Comparison of cluster Lick indices (CN1, CN2, Ca 4227, G 4300, Fe 4383, Ca 4455 versus [MgFe]') with our simple stellar population models. The solid red points are the NGC 4449 clusters from this work, while the open blue squares are the MW halo and bulge globular clusters from Puzia et al. (2002). The displayed models are for metallicities Z=0.0004, 0.004, 0.008, 0.02, 0.005, ages from 1 to 13 Gyr, and [α/Fe] = −0.8, −0.4, 0.0, and +0.4.
|Figure 12 - |
Same as in Fig. 11 but for the Lick indices Fe 4351, C24668, Hβ, Fe 5015, Mg1, and Mg2. The metallicity and age labels (Z and Gyr, respectively) refer to the [α/Fe]=0 models.
|Figure 13 - |
Same as in Fig. 11 but for the Lick indices Mgb, Fe 5270, Fe 5335, HγA, and HγF.
|Figure 14 - |
Cluster Lick indices versus the near infrared CaT* index. The data are for the NGC 4449 clusters, while the models are our "standard" simple stellar populations for Z=0.0004, 0.004, 0.008, 0.02, 0.005, and ages from 1 to 13 Gyr. Notice that the "standard" models are calibrated on Galactic stars and thus reflect the MW chemical composition ratios.
|Figure 15 - |
Ages, metallicities, and [α/Fe] ratios derived for clusters CL 20, CL 76, CL 72, CL 75, CL 79, CL 58, CL 52, CL 3, CL 77, CL 27 and CL 24 in NGC 4449 using different combinations of index triplets. The stellar population parameters obtained with the (Hβ, Mgb, <Fe>) triplet are on the x axes, while the results from the other triplets, as indicated in the legend, are on the y axes. The solid line is the one-to-one relation. Ages are in units of log10(age [yr]). The adopted solar metallicity is ZSun=0.018.
|Figure 16 - |
Distribution of clusters in NGC 4449 and in the MW in the [α/Fe] versus [Fe/H] plane. The displayed MW clusters belong to the sample of Puzia et al. (2002) and are both halo and bulge globular clusters. The stellar population parameters of Galactic clusters have been obtained by reprocessing the Lick indices provided by Puzia et al. (2002) through our models for a self-consistent comparison with the NGC 4449 results.
|Figure 17 - |
Distribution of NGC 4449's and MW clusters from Puzia et al. (2002) (full red points and open blue squares, respectively) in the CN1, CN2, and Ca 4227 vs. [MgFe]' planes. Overplotted are 11 Gyr old models for different combinations of [α/Fe] and [N/α].
|Figure 18 - |
HST images of cluster CL 58 in different bands: F275W (NUV) from GO program 13364 (PI Calzetti), and F502N ([O III]), F550M, and F658N (Hα) from GO program 10522 (PI Calzetti). The continuum-subtracted [OIII] image (F502N−F550M) well shows the presence of a PN candidate in cluster CL 58. The PN is also detected in the NUV and (with a low signal-to-noise) in Hα. Superimposed on the cluster is the 1"-wide slit used in our MODS observation.
|Figure 19 - |
The cumulative number density profile of globular clusters in NGC 4449. The black line shows the profile measured from the combined catalogues of Annibali et al. (2011b) and Strader et al. (2012). The orange line shows the best-fitting profile to the region of interest (marked by vertical dotted lines) assuming that the underlying density profile is a power-law. The index of the power-law γ is given in orange the top-left corner. The blue line shows the best-fitting profile to the whole sample assuming that the underlying density profile is a double power-law with an inner index of γin and an outer index γout (shown in blue in the top-left corner). The radius at which the power-law index changes from inner to outer is marked by the blue vertical dashed line. We use the single fit as the best estimate of the power-law in this region and use the indices from the double fit to provide uncertainties.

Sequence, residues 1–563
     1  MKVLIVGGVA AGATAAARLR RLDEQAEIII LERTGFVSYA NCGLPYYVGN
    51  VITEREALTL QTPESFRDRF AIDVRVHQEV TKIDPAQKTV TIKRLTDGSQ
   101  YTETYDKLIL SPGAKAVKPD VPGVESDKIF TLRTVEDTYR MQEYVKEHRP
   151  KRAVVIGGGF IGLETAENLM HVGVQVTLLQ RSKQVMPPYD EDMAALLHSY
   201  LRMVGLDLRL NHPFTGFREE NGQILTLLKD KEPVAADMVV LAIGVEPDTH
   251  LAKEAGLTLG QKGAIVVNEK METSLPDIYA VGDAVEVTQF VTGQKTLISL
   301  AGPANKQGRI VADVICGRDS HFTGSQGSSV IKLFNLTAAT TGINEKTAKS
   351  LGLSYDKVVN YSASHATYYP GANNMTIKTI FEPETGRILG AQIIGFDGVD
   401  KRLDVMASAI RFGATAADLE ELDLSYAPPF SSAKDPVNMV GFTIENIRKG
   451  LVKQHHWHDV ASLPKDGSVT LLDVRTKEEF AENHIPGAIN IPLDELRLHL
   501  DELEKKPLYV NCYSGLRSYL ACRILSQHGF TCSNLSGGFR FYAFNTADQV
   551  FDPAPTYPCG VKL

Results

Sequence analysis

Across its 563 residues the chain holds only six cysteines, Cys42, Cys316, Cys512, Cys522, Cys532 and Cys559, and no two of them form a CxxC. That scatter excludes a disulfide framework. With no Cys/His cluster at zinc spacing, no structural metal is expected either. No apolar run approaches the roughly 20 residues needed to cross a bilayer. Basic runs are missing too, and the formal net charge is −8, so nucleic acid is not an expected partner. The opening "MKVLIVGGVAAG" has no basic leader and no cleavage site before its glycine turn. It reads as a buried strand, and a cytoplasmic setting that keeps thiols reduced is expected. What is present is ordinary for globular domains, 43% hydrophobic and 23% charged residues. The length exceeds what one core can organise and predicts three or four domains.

|Figure 20 - |
The variation in potential slope α for a grid of DM halos assumed to be NFW in shape and defined by a concentration c and a virial radius rvir. To each halo, we fit a power-law over the range of interest for our mass estimation -- the colour bar shows how the index α of the best-fitting power-law changes from halo-to-halo. We only show halos with circular velocities at 15.7 kpc of 84±10 km/s to force consistency with HI observations. The white regions are halos with circular velocities outside of this range.
|Figure 21 - |
The variation in estimated mass inside 2.88 kpc as a function of potential slope α and density slope γ. The range of γ was set by fitting to existing globular cluster data. The range of α was set by assuming that mass follows light, in which case α = min(1, γ−2) (marked by the white line), as this range was larger than that estimated from considering DM halo models (highlighted by vertical dotted lines). The solid black lines show our best estimates for α and γ, and their intersection shows the adopted best mass estimate. The minimum and maximum masses in this grid set our uncertainties.